Listen here: Apple EarPods offer an alternative
techAre custom, 3D printed earbuds the solution?
News
The University of California study monitored the reaction of 36 dogs
sciencePets' range of emotions revealed
Arts and Entertainment
The nomination of 'The Wake' by Paul Kingsnorth has caused a stir
books
News
Joining forces: young British men feature in an Isis video in which they urge Islamists in the West to join them in Iraq and Syria
newsWill the young Britons fighting in Syria be allowed to return home and resume their lives?
News
Snoop Dogg pictured at The Hollywood Reporter Nominees' Night in February, 2013
people... says Snoop Dogg
News
i100
Life and Style
food + drinkZebra meat is exotic and lean - but does it taste good?
News
Bey can do it: Beyoncé re-enacts Rosie the Riveter's pose
newsRosie the Riveter started out as an American wartime poster girl and has become a feminist pin-up. With Beyoncé channeling her look, Gillian Orr tells her story
Life and Style
Donna and Paul Wheatley at their wedding
healthShould emergency hospital weddings be made easier for the terminally ill?
Arts and Entertainment
Residents of Derby Road in Southampton oppose filming of Channel 4 documentary Immigration Street in their community
tv
Independent
Travel Shop
the manor
Up to 70% off luxury travel
on city breaks Find out more
santorini
Up to 70% off luxury travel
on chic beach resorts Find out more
sardina foodie
Up to 70% off luxury travel
on country retreats Find out more
Latest stories from i100
Have you tried new the Independent Digital Edition apps?
Independent Dating
and  

By clicking 'Search' you
are agreeing to our
Terms of Use.

iJobs Job Widget
iJobs General

BI Manager - £50,000

£49000 - £55000 per annum + competitive: Progressive Recruitment: My client is...

BI Project Manager - £48,000 - £54,000 - Midlands

£48000 - £54000 per annum + Benefits package: Progressive Recruitment: My clie...

VB.Net Developer

£35000 - £45000 per annum + competitive: Progressive Recruitment: If you're pa...

SAP Business Consultant (SD, MM and FICO), £55,000, Wakefield

£45000 - £55000 per annum + competitive: Progressive Recruitment: SAP Business...

Day In a Page

Screwing your way to the top? Good for Lana Del Rey for helping kill that myth

Screwing your way to the top?

Good for Lana Del Rey for helping kill that myth, says Grace Dent
Will the young Britons fighting in Syria be allowed to return home and resume their lives?

Will Britons fighting in Syria be able to resume their lives?

Tony Blair's Terrorism Act 2006 has made it an offence to take part in military action abroad with a "political, ideological, religious or racial motive"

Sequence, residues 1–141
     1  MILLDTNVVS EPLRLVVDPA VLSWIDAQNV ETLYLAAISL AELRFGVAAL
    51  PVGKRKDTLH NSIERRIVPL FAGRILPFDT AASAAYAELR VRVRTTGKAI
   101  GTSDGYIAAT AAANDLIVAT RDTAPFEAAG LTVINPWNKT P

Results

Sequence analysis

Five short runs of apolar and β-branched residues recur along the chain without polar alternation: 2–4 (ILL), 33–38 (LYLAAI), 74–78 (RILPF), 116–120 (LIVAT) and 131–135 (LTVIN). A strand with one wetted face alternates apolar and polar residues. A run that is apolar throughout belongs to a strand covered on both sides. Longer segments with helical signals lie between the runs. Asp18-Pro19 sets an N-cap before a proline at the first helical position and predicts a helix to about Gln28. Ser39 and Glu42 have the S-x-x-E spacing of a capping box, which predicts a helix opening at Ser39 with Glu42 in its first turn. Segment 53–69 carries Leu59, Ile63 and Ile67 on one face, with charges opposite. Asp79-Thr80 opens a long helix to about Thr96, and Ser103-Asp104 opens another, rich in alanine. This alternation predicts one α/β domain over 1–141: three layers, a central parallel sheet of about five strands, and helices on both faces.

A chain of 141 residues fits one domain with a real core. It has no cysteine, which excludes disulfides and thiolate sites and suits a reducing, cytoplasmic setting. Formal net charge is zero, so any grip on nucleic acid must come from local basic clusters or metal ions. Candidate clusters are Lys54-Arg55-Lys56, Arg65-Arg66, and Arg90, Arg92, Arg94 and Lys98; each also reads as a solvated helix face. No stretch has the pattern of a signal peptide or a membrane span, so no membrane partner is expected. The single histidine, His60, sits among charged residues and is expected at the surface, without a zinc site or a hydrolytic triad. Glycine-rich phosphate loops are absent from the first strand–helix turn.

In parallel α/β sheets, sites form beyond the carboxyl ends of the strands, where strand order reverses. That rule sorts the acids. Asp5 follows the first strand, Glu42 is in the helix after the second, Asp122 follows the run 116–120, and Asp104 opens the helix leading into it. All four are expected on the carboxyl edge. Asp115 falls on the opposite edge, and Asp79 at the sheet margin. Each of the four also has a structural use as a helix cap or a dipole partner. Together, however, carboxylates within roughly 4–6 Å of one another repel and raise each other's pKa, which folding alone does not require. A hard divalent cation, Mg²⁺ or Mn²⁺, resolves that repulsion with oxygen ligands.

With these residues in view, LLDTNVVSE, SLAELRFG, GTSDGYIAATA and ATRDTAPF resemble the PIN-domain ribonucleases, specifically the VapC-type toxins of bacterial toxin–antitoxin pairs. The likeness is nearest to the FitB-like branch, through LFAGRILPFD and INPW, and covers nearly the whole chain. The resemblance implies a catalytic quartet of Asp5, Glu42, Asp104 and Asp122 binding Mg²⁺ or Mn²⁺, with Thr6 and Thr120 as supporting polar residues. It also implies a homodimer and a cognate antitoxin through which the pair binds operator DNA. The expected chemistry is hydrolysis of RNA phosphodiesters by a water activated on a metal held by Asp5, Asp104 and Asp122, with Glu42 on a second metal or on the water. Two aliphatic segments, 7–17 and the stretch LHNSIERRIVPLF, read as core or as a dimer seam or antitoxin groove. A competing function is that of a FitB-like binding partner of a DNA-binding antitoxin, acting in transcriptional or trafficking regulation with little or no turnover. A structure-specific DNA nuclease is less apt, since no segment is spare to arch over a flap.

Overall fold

Beyoncé poses as Rosie the Riveter, the wartime poster girl who became a feminist pin-up

Beyoncé poses as Rosie the Riveter

The wartime poster girl became the ultimate American symbol of female empowerment
The quest to find the perfect pair of earphones: Are custom, 3D printed earbuds the solution?

The quest to find the perfect pair of earphones

Earphones don't fit properly, offer mediocre audio quality and can even be painful. So the quest to design the perfect pair is music to Seth Stevenson's ears
Climate change threatens to make the antarctic fur seal extinct

Take a good look while you can

How climate change could wipe out this seal
Should emergency hospital weddings be made easier for the terminally ill?

Farewell, my lovely

Should emergency hospital weddings be made easier?
Man Booker Prize 2014 longlist: Crowdfunded novel nominated for first time

Crowdfunded novel nominated for Booker Prize

Paul Kingsnorth's 'The Wake' is in contention for the prestigious award
Vladimir Putin employs a full-time food taster to ensure his meals aren't poisoned

Vladimir Putin employs a full-time food taster

John Walsh salutes those brave souls who have, throughout history, put their knives on the line
Tour de France effect brings Hollywood blockbusters to Yorkshire

Tour de France effect brings Hollywood blockbusters to Yorkshire

A $25m thriller starring Sam Worthington to be made in God's Own Country
Will The Minerva Project - the first 'elite' American university to be launched in a century - change the face of higher learning?

Will The Minerva Project change the face of higher learning?

The university has no lecture halls, no debating societies, no sports teams and no fraternities. Instead, the 33 students who have made the cut at Minerva, will travel the world and change the face of higher learning
The 10 best pedicure products

Feet treat: 10 best pedicure products

Bags packed and all prepped for holidays, but feet in a state? Get them flip-flop-ready with our pick of the items for a DIY treatment
Noel Fielding's 'Luxury Comedy': A land of the outright bizarre

Noel Fielding's 'Luxury Comedy'

A land of the outright bizarre
What are the worst 'Word Crimes'?

What are the worst 'Word Crimes'?

‘Weird Al’ Yankovic's latest video is an ode to good grammar. But what do The Independent’s experts think he’s missed out?
Can Secret Cinema sell 80,000 'Back to the Future' tickets?

The worst kept secret in cinema

A cult movie event aims to immerse audiences of 80,000 in ‘Back to the Future’. But has it lost its magic?
Facebook: The new hatched, matched and dispatched

The new hatched, matched and dispatched

Family events used to be marked in the personal columns. But now Facebook has usurped the ‘Births, Deaths and Marriages’ announcements